FIG. 12 is a flowchart showing the contone data processing. The contone data processor is shown by way of example with the other two data types (i.e. contour and run-length) processed in a similar fashion. The procedure is initialized at element 212 and the mailboxes are initialized at element 214.
Element 216 fetches the command from the user interface (see also FIG. 11) and branches depending upon the nature of the command. When the command is PREP-- PROOF-- DATA, element 218 performs the setup of the scan-line video processor hardware. Element 220 then downloads the program and data tables for the contone digital signal processor hardware.
Whenever element 216 detects an OUTPUT-- PROOF-- DATA command, element 216 transfers control to element 222 to fill the contone buffer (i.e. buffer 1). As additional data comes in, element 224 switches to contone buffer 2. Element 226 outputs contone buffer 1 first. When contone buffer 1 is completely empty, element 228 begins to fill it again. In the interim, element 230 initiates transfer of contone buffer 2. When contone buffer 2 is empty, it is refilled by element 232.
The process continues until element 234 determines that all of the required data has been transferred. If not, control returns to element 226. If all of the data has been transferred, the process ends at element 236.
FIG. 13 shows the way in which multiple images are integrated into a single composite using a map. The procedure which is called within central processing unit 54 is PREP 242. This procedure produces the map file 244 which is used for real time switching of the data at the time of composite data assembly and output during the proof printing process.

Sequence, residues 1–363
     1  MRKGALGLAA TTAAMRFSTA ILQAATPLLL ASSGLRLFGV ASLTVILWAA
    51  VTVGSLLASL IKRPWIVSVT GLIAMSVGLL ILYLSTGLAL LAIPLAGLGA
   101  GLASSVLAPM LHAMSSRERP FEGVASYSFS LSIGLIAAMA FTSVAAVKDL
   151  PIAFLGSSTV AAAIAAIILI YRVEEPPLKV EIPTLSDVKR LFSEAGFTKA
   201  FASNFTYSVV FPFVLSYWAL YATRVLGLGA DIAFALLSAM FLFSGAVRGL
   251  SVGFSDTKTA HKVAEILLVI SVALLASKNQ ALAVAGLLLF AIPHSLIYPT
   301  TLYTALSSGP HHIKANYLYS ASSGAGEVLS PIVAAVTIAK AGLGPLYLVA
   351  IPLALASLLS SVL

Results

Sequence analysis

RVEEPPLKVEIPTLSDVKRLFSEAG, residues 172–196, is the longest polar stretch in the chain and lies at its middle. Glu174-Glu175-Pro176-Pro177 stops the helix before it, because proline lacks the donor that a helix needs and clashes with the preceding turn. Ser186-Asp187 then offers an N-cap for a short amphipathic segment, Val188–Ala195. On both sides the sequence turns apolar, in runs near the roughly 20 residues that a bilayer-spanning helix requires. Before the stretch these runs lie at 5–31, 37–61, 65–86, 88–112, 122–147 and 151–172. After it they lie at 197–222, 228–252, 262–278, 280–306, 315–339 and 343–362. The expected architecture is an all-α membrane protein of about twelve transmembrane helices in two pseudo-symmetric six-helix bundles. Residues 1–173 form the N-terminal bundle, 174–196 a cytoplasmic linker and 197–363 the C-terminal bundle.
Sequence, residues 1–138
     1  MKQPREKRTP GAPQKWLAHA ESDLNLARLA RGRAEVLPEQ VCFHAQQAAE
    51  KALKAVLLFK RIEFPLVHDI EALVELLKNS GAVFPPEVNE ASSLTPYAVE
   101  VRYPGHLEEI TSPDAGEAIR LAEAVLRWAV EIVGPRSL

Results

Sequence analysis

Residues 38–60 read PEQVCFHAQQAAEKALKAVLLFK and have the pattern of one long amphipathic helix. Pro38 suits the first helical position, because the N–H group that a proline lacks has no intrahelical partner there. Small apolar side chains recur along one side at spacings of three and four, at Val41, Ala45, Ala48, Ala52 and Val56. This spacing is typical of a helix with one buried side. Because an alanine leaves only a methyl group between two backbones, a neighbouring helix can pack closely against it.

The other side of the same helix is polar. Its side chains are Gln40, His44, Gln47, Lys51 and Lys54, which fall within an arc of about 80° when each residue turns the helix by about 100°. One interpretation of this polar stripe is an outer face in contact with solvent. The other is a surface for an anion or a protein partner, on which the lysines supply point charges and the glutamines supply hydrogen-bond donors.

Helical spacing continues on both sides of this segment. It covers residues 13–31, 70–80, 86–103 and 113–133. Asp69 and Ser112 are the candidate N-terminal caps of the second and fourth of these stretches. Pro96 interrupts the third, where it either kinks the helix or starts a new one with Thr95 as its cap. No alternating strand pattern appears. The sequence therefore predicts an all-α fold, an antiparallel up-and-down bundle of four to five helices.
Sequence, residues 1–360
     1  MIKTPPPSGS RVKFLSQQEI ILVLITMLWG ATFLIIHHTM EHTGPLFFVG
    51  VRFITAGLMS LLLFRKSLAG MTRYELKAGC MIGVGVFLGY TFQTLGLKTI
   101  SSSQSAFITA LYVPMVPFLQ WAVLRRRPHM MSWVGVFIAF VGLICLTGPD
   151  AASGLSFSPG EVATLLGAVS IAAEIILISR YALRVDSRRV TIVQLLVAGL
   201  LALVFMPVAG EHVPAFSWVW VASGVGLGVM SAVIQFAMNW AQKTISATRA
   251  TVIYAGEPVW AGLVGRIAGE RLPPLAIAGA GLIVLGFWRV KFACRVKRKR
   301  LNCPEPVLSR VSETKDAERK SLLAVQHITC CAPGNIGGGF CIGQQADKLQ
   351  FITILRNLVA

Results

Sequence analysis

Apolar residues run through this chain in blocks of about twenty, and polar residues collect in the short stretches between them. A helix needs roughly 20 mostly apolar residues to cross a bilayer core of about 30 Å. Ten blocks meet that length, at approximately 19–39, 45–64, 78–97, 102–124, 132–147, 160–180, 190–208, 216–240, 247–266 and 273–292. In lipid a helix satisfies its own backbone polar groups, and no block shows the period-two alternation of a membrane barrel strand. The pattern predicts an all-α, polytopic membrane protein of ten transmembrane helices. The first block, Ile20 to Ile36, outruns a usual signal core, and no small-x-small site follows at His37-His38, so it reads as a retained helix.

FIG. 14 is a more detailed flowchart of the software which initializes the switching for preparation of a composite proof. Element 246 initializes the debug devices and element 248 initializes the mailboxes. The command (see also FIG. 13) is processed at element 250.
The scan line video processor hardware is initialized by element 254. The contone, contour and run-length processes are initialized by element 256. Element 258 awaits responses. As explained above, the various tasks of central processing unit 54 are interrupt driven permitting the system to operate in a multi-tasking mode in which the central processing unit 54 attends to a particular procedure only when necessary. This feature is required for practical real time operation.
Unnecessary processes are deleted at element 260 when they become superfluous. Similarly, the scan line video hardware is secured at element 262 when not needed.
Having thus described the preferred embodiments of the present invention, those of skill in the art will be readily able to apply the teachings found herein to other embodiments within the scope of the claims hereto attached.
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|U.S. Classification||358/1.1, 358/1.16, 358/1.2, 345/501|
|International Classification||H04N1/46, G06K15/12, G06T1/00, H04N1/387, G06F3/153|
|Cooperative Classification||G06K15/1276, H04N1/46, G06K15/129, H04N1/3871|
|European Classification||G06K15/12K, G06K15/12F, H04N1/387B, H04N1/46|
|Nov 17, 1994||AS||Assignment|
Owner name: LINOTYPE-HELL AG, GERMANY
Free format text: ASSIGNMENT OF ASSIGNORS INTEREST;ASSIGNOR:MINNESOTA MINING AND MANUFACTURING COMPANY;REEL/FRAME:007205/0328
Effective date: 19941007
|Oct 10, 1997||FPAY||Fee payment|
Year of fee payment: 4
|Jan 26, 2001||AS||Assignment|
Owner name: HEIDELBERGER DRUCKMASCHINEN AG, GERMANY
Free format text: MERGER/CHANGE OF NAME;ASSIGNORS:LINOTYPE HELL AG;LINOTYPE AG;LINOTYPE GMBH;REEL/FRAME:011442/0939;SIGNING DATES FROM 19870702 TO 19971020
|Sep 24, 2001||FPAY||Fee payment|
Year of fee payment: 8
|Oct 26, 2005||REMI||Maintenance fee reminder mailed|
|Apr 12, 2006||LAPS||Lapse for failure to pay maintenance fees|
|Jun 6, 2006||FP||Expired due to failure to pay maintenance fee|
Effective date: 20060412